The Effect of Functional Electrically Stimulated Ambulation Training on Locomotor Function and Quality of Life in Individuals With Incomplete Spinal Cord Injury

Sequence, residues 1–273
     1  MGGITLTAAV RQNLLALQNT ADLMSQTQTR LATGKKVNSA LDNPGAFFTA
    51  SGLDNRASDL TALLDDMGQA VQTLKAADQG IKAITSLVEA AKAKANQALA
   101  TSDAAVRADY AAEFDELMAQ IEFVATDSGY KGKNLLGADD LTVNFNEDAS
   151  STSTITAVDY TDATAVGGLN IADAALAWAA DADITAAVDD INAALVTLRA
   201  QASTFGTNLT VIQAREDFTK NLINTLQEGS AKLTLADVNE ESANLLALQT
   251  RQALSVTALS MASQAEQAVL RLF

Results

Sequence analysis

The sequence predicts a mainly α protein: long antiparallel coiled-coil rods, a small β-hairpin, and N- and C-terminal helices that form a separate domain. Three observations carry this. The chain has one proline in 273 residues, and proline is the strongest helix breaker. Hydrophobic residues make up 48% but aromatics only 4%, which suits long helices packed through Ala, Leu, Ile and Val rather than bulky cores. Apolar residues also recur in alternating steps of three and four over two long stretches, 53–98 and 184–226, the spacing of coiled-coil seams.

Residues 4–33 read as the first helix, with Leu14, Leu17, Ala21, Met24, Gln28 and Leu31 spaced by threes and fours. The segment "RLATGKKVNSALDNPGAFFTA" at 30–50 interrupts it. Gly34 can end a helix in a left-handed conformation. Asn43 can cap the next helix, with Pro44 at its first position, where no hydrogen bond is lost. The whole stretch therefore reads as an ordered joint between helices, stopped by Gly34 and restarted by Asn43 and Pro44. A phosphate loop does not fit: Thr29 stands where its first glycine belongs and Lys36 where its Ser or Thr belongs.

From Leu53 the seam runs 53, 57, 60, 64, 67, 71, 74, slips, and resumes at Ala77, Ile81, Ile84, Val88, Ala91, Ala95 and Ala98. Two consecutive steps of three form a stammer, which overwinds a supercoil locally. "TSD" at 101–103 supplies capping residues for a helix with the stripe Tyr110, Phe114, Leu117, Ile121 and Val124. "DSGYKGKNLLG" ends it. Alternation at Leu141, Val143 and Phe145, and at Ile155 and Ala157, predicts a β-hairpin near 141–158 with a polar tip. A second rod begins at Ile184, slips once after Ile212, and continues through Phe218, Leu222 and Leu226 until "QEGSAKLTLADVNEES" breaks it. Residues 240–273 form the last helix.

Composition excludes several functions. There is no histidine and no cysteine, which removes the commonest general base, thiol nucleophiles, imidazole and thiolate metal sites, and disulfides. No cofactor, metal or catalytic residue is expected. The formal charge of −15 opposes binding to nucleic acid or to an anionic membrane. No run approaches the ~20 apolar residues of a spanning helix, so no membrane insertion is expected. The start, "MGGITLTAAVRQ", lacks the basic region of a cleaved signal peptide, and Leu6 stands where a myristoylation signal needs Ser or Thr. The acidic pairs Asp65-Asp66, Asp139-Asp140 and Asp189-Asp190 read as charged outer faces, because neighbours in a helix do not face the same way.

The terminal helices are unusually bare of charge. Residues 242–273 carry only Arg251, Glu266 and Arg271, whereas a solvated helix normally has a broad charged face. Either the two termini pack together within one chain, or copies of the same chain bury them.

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The purpose of this study was to investigate the effects of a 12-week FES-ambulation program on locomotor function and quality of life after incomplete spinal cord injury. Six individuals with incomplete SCI participated in the study. Over-ground walking endurance (6MWT), speed (10MWT), independence (WISCI II) and body-weight support were assessed. Quality of life was assessed via the SF-36, WHOQOL-BREF, Perceived Stress Scale, Center of Epidemiological Studies for Depression scale, and task self-efficacy. Participants experienced significant improvements in walking endurance (223.6±141.5m to 297.3±164.5m; p=0.03), body-weight support (55.3±12.6% to 14.7±23.2%; p= 0.005) and four of the six participants showed improvements on the WISCI II scale (1-4 points). In addition, there was a significant reduction in reported bodily pain (6.5±1.2 to 5.0±1.7; p=0.04). Therefore, FES-ambulation is an effective means for enhancing over-ground locomotor function in individuals with incomplete SCI. It may also be an effective method for reducing pain in individuals with SCI.